Officials sound the alarm on cuts to NYC contracts office

New York City isn’t paying nonprofits on time. The mayor wants to reduce contract services funding anyway.

Council Member Julie Won questions Mayor’s Office of Contract Services officials.

Council Member Julie Won questions Mayor’s Office of Contract Services officials. Ethan Geringer-Sameth

The Joint Task Force to Get Nonprofits Paid On Time has not yet lived up to its name.

Two years after New York City Mayor Eric Adams and Comptroller Brad Lander formed the body to help clear a backlog of late payments to the city’s nonprofit contractors, the providers of essential human services are still barely scraping by. While the Mayor’s Office of Contract Services, which administers the city’s procurement process, has taken steps to ameliorate the delays, providers continue to face long waits to register contracts and get paid for them. At the same time, nonprofits are incurring tens of millions of dollars in “indirect” costs not covered by the city. Between the delays and the indirect costs, nonprofit providers often go into debt to offset expenses, officials testified at an oversight hearing Tuesday held by the Council’s Committee on Contracts.

With Adams’ looming cuts to the Mayor’s Office of Contract Services, MOCS officials told members of the City Council that the office may fall further behind in processing nonprofit contracts, which would overburden city agencies and lead to service reductions. In particular, a relatively modest $7.2 million proposed cut to maintenance for the city’s new procurement system, PASSPort, could disrupt efforts to improve contract registration and payment timeframes. The mayor’s executive budget proposal would reduce MOCS budget by more than a third to $30.4 million. Negotiations between the administration council leaders over the mayor’s proposed $111.6 billion budget are ongoing ahead of the July 1 start of the fiscal year.

“Honestly and candidly, there will be service impacts and service reductions,” said MOCS First Deputy Director Kim Yu.

“With the reduction in resources there will be, possibly, additional time that the vendors will face when they have questions regarding their contract processing, their contract registration and their contract payment,” Yu added, noting that the cut would put more pressure on already overburdened agencies that have human services contracts, along with MOCS, itself.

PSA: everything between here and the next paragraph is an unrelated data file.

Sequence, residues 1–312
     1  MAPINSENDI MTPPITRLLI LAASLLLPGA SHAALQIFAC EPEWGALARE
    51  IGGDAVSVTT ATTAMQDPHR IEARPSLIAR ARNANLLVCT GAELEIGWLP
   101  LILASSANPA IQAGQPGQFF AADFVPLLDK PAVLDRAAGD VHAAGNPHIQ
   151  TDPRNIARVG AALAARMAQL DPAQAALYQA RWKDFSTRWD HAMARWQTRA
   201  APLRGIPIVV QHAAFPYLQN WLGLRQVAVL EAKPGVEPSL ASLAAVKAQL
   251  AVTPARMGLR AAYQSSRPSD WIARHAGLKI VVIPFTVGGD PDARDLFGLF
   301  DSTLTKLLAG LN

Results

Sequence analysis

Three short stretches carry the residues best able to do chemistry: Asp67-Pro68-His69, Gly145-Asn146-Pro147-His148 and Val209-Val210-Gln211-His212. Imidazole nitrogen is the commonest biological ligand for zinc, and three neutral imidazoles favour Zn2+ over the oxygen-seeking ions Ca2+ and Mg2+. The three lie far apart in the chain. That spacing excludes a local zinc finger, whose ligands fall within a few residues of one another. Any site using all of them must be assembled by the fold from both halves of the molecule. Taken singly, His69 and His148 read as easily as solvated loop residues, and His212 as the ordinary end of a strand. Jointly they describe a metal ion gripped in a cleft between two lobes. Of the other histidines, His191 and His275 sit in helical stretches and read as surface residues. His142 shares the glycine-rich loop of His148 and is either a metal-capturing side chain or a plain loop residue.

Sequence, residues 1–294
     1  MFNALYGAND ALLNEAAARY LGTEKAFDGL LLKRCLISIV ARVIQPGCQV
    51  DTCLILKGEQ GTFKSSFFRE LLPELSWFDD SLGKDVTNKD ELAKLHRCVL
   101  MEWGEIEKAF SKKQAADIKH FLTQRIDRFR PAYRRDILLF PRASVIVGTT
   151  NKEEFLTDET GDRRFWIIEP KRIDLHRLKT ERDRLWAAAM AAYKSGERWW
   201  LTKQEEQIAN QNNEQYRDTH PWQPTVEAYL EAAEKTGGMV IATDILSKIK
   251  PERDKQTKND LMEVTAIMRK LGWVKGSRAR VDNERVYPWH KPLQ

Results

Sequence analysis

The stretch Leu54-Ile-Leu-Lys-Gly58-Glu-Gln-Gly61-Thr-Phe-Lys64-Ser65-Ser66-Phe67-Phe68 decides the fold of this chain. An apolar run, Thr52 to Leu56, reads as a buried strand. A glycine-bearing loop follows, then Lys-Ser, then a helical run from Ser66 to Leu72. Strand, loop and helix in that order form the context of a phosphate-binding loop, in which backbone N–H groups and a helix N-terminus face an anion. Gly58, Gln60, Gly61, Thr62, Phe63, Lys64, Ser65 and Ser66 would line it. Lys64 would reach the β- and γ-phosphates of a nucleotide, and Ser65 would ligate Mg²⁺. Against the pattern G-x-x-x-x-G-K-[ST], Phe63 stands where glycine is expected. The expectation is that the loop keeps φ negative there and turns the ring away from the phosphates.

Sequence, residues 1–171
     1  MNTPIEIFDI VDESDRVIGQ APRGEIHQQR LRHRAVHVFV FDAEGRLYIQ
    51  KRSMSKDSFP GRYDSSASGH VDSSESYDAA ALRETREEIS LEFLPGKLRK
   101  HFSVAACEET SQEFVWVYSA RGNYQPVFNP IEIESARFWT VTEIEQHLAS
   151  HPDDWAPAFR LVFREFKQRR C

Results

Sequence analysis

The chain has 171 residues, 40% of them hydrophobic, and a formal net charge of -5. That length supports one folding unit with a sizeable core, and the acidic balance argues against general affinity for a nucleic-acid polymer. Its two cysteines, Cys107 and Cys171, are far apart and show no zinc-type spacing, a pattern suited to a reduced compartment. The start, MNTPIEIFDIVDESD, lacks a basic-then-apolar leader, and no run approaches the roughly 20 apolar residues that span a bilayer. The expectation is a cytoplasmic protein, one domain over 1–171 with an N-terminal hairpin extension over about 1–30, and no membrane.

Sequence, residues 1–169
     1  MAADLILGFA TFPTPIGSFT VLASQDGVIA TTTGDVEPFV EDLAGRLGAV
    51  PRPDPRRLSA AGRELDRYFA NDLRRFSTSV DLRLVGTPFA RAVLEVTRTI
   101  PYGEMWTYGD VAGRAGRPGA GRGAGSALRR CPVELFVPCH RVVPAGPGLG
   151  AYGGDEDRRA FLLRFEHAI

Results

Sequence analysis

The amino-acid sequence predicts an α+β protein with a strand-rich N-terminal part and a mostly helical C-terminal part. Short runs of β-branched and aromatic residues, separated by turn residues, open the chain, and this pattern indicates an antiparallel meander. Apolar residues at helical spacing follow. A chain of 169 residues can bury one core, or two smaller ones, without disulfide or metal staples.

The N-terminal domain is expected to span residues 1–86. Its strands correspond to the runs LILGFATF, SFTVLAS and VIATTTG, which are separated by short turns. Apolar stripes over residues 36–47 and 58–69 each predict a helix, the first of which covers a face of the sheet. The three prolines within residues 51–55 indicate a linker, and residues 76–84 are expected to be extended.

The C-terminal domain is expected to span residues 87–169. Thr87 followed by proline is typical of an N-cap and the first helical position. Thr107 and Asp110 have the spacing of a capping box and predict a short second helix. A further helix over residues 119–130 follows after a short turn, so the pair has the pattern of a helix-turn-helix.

Michelle Jackson, executive director of the Human Services Council, said improving the latest phase of PASSPort, which launched in 2022, should be “a hyper focus” of the administration. “Nonprofits do have to take lines of credit or they’re just not paying people and bouncing vendors back and forth to try to make ends meet, often mirroring the clients they serve,” Jackson said.

Close to half of the city’s human services contracts are submitted by city agencies to the comptroller after the contracts’ start date, forcing providers to rely on a limited set of interest-free loans provided by the city. For example, the Department of Youth and Community Development submitted just 17% of its 154 human services contracts on time in fiscal year 2023, according to MOCS’ 2023 Citywide Indicators Report. The Mayor’s Office of Criminal Justice submitted no human services contracts on time during the same period. A bill in the City Council would require the city to provide bridge loans to some nonprofits that contract with the Department of Small Business Services, which did not submit its sole human services contract to the comptroller’s office that year before the work was set to begin.

Between contracts that have not been registered or paid on time, nonprofits are out about $800 million, according to John MacIntosh, managing partner of SeaChange Capital Partners, a consultancy that works with nonprofits with city business.

According to MOCS Director Lisa Flores, the $7.2 million cut to PASSPort would mean the city would lose 100,000 working hours dedicated to maintaining the system, the most complex municipal contracting portal in the country. Those hours would have to be made up internally by MOCS staff. At the same time, the Mayor’s Office of Nonprofit Services, which serves as a liaison between city agencies, MOCS, and providers, currently has only four employees out of a budgeted headcount of seven, Yu said.

“Are you able to work an additional 100,000 hours with the staff that you have to cover the hours that were lost?” asked Council Member Julie Won, chair of the committee.

Flores demurred: “We continue to endeavor 1000% to ensure that we are providing services without service gaps.”

MOCS had also been eying a $1 million contract for PASSPort quality assurance but reversed its plans after a round of cuts as part of the mayor’s Program to Eliminate the Gap, Flores told the committee, a revelation Won found “very alarming.”

“The people in this room are here to testify on all of the struggles they are facing to get paid on time and to get paid at all,” Won said. “And if we’re hearing that even the quality assurance contract was cut then who is doing quality assurance? Ourselves, we’re checking ourselves on the quality of the work?” she added to a resounding hush from the administration.

“OK, I think the silence speaks for itself,” Won said.